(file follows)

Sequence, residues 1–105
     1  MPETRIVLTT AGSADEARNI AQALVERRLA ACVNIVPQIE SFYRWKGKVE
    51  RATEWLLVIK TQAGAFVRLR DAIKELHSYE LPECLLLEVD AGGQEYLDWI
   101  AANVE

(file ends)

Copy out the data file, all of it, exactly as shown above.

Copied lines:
Sequence, residues 1–105
     1  MPETRIVLTT AGSADEARNI AQALVERRLA ACVNIVPQIE SFYRWKGKVE
    51  RATEWLLVIK TQAGAFVRLR DAIKELHSYE LPECLLLEVD AGGQEYLDWI
   101  AANVE